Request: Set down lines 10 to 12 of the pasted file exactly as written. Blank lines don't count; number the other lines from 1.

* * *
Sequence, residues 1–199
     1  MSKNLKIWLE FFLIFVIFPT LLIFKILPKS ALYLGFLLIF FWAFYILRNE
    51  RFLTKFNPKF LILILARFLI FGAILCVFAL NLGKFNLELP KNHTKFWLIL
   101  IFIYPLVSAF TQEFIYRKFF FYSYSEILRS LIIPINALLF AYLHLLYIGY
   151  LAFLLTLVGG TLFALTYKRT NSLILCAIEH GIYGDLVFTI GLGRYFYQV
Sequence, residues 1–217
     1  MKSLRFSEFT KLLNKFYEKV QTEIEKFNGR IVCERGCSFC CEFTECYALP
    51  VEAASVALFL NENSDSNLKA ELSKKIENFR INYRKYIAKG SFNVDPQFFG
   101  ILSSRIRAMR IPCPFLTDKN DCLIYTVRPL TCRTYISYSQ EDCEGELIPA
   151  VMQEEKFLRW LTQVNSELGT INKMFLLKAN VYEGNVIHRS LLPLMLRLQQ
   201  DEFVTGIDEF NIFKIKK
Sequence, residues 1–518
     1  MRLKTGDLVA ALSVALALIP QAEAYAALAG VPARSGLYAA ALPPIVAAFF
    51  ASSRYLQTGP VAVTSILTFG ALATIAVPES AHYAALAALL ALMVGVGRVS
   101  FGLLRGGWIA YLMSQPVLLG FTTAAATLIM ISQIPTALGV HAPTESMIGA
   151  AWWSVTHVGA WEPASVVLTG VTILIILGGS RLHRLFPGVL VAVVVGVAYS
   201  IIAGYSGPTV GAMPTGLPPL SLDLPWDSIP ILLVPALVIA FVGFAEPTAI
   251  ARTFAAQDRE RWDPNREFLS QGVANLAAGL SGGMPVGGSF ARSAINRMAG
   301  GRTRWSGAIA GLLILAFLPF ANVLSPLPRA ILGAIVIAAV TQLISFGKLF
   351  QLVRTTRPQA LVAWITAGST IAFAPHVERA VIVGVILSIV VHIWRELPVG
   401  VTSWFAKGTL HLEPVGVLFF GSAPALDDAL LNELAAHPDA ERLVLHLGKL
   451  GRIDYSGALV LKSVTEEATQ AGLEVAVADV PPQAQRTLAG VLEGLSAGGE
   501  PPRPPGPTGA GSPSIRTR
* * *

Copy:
   151  VMQEEKFLRW LTQVNSELGT INKMFLLKAN VYEGNVIHRS LLPLMLRLQQ
   201  DEFVTGIDEF NIFKIKK
Sequence, residues 1–518